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Episode 106: Isaac Fitzgerald, “High for the Holidays”

To get you prepared for next week’s Christmas spectacular, we’re whetting your proverbial whistle by discussing a holiday-themed essay from Isaac Fitzgerald. Originally published in December 2013 on Buzzfeed, “High for the Holidays” is about a Christmas trip in which the author scaled Mount Kiliminjaro with his sister and estrangemd father. Though like nearly all good literary essays, this one is about more than its initial subject. It’s less travelogue than it is an exploration of difficult families, about running away from home and when it might be time to finally run back.

In the second half of the show, we share a listener-submitted story of authorial spite, quite possibly the only such story to involve a spiteful acrostic. We’ve also got another holiday-themed installment of Fan Fiction Corner. This time we’re taking a look at the Grinch’s unexpected sexy side.

You can stream today’s episode by clicking on the little player thingy below, or download the mp3 file to play on your favorite device. Or visit us in the iTunes store, or wherever you normally get your podcasts, where you can download back episodes and subscribe (for free) so that you never miss another weekly installment.

As always, we’re happy to hear what you think about the stuff we talked about this week. You can email us directly, hit us up on Twitter, or just leave a comment here on the site. Also: we’re on Facebook, and gradually getting better about posting studio pics and links and such. So come visit us over there, like our page, etc. etc.

You can also support the show by shopping at Powell’s: if you click on any of the links around our site, then shop as you normally would, we’ll get a small percentage of every dollar you spend. Perhaps you’d like to revisit the original How the Grinch Stole Christmas in beautiful hardback, then compare it to the very sexy versions we discussed in this week’s episode?

Or, start reading ahead for next week’s Christmas spectacular, during which we’ll be discussing Debbie Macomber’s Christmas Letters, as well as a Mary Higgins Clark production that is quite possibly the worst Christmas book ever written.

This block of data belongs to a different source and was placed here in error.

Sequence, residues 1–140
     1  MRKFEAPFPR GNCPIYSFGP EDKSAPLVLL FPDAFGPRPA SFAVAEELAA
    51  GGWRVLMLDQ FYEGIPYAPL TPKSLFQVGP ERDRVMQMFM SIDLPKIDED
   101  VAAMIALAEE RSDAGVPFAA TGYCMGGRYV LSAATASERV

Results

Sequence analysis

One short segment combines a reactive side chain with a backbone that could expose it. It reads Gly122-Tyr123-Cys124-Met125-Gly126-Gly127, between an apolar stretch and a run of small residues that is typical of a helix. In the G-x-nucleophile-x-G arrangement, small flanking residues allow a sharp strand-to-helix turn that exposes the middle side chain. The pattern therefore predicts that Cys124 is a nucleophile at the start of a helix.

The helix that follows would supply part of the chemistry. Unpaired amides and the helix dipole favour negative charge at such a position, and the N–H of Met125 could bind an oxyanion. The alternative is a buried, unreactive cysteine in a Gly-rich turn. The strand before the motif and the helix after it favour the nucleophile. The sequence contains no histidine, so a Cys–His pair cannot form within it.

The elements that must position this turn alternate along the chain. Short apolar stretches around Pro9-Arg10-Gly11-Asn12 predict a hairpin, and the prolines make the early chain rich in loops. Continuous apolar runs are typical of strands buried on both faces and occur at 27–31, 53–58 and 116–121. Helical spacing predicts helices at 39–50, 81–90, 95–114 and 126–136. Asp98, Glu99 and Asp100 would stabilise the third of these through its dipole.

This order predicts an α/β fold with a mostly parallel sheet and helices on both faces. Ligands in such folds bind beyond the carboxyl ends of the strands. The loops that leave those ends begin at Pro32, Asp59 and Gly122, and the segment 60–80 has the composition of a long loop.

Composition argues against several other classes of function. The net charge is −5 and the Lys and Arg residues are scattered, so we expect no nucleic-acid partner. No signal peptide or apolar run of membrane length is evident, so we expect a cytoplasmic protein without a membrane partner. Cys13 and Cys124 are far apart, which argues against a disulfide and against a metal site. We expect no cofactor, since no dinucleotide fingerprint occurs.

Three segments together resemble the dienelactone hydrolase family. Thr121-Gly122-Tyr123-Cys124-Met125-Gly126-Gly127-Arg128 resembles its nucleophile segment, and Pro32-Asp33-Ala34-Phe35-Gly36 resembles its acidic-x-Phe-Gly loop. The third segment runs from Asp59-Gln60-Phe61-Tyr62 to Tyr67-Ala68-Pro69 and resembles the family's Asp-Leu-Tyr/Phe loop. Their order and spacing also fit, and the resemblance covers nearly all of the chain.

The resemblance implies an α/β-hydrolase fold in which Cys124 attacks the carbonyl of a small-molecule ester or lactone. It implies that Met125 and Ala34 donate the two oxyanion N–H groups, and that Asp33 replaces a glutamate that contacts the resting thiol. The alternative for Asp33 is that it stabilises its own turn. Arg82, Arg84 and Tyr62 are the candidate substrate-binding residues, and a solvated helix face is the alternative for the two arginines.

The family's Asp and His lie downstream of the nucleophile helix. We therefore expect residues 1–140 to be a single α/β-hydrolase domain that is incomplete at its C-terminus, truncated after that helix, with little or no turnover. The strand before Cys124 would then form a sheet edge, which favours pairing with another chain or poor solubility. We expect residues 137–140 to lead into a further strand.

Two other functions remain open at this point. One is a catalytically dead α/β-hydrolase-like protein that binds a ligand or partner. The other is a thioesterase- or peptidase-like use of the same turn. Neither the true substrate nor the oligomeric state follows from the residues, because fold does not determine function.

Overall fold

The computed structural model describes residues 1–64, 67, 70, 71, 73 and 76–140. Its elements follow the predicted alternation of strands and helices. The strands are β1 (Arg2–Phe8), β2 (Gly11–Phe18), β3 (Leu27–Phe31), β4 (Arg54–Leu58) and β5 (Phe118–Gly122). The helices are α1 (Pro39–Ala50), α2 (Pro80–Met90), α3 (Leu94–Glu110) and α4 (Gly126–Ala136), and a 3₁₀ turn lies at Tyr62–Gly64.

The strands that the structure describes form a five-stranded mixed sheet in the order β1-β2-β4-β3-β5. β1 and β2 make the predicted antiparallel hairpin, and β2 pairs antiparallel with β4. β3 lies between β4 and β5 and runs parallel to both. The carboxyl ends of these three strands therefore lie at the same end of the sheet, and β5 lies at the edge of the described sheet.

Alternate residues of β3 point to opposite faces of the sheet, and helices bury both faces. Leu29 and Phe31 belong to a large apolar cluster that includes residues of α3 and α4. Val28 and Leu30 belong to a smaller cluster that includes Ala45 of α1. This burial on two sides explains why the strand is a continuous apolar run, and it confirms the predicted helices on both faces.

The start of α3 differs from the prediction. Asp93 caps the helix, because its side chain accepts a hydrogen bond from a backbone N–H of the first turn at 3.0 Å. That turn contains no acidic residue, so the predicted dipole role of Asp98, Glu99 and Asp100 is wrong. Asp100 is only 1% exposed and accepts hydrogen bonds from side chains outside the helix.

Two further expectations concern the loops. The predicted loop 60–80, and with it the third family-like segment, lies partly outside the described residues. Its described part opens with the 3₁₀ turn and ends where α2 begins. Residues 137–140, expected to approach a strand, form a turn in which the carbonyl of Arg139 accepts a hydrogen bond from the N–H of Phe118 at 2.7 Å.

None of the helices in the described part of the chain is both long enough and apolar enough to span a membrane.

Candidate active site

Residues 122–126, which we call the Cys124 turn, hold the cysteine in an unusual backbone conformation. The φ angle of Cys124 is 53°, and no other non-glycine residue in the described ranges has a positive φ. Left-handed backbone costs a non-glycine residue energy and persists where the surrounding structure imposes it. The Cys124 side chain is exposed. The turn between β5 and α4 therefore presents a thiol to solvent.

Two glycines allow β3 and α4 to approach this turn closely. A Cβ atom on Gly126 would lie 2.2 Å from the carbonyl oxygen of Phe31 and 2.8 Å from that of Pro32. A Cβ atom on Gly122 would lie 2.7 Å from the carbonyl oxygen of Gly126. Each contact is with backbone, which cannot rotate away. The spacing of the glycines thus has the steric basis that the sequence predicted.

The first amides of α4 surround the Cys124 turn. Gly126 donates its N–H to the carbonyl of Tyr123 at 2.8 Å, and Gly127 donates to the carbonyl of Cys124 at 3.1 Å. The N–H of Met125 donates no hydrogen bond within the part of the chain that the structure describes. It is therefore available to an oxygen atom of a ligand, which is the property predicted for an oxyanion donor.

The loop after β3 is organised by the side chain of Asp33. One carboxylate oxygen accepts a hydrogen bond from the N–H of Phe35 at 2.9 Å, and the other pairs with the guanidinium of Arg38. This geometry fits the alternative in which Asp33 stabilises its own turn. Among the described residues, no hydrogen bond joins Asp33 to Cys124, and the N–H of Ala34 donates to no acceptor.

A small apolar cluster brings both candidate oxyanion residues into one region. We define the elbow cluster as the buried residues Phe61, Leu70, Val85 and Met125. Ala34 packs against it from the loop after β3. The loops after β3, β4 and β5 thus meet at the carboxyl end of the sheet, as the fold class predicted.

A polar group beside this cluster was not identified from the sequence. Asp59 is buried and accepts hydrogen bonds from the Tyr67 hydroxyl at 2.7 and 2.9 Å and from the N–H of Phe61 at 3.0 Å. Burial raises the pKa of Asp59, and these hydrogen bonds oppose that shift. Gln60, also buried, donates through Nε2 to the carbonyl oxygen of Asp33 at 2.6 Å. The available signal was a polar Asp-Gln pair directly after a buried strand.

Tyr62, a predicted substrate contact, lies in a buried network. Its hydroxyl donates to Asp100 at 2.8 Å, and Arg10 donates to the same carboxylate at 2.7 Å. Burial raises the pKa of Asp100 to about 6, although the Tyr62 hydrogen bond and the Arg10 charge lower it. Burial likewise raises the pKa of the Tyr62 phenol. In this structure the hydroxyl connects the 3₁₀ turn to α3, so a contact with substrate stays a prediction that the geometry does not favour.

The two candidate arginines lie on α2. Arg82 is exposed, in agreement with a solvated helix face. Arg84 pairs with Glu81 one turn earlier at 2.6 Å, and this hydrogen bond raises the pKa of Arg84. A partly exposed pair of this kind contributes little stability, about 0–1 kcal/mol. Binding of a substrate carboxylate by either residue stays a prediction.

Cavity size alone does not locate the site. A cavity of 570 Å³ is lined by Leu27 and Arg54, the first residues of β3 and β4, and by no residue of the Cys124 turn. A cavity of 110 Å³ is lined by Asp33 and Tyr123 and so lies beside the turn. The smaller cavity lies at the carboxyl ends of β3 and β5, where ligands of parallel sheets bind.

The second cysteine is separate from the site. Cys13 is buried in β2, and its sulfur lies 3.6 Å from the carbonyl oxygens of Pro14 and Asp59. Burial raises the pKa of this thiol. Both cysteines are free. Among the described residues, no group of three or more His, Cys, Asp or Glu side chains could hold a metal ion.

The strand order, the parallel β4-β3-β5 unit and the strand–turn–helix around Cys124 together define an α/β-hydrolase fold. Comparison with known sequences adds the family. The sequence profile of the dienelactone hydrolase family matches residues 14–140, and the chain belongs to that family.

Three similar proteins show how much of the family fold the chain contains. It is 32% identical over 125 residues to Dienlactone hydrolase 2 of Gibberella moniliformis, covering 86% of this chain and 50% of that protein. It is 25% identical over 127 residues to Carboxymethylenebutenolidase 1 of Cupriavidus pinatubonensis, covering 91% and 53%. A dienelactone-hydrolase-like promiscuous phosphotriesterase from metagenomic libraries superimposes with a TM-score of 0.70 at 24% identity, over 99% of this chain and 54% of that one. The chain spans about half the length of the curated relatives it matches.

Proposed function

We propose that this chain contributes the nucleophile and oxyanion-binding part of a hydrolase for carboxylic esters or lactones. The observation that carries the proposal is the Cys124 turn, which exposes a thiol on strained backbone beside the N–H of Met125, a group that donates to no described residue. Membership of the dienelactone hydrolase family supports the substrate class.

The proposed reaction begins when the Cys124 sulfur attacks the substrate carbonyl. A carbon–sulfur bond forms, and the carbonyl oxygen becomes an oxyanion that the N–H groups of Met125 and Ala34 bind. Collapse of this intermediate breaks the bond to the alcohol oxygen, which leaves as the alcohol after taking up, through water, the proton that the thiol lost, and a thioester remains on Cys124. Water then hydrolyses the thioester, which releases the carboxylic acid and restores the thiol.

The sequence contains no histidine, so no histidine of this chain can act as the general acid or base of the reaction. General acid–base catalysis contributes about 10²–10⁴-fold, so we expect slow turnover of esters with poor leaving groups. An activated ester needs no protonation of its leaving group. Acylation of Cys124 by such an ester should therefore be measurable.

Thanks for listening! And if you like the show, tell your friends!

Stream Episode 106:

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Spring of Spite: Harlan Ellison, “The Three Most Important Things in Life”

This week’s reading is an essay by Harlan Ellison, which you can read for free here. Not that you need to read the essay before listening to the episode, but the option is there if you want it. We were directed to that particular essay by a listener, who said we couldn’t do a season of spite-themed shows without talking about Ellison. In addition to the essay itself, we talk about some of his many personal beefs and lit-world dustups. We also talk about his super-janky website (with apologies to Webmaster Rick, whose rants you can check out here).

For the curious, here’s a video of Ellison’s “performance” at the Hugo Awards that touched off what’s become known as GropeGate.

Also this week: Another lit feud, this one between Vladimir Nabokov and Edmund Wilson, who has one of the scowliest Wikipedia photos of all time. And the stories of successful companies started out of spite.

As always, you can listen to the episode right here on our site, by clicking on the streaming player below. Or you can download the mp3 file. Or visit us in the iTunes store, where you can listen to back episodes and subscribe (for free!) to make sure you never miss another installment. While you’re in iTunes, please take a second to leave us a rating and a review. Both those things help the show move up the charts and ultimately allow us to reach more people.

We’re always happy to hear what you think about the things we discussed on the show. You can email us directly, hit us up on Twitter, or just leave a comment here on the site. Also: As of a few days ago, we’re now on Facebook! So come visit us over there, where we’ll post occasional photos and show notes, and maybe preview upcoming show features.

Stream:

Download Spring of Spite #4 (right-click, save-as)

Thanks for listening!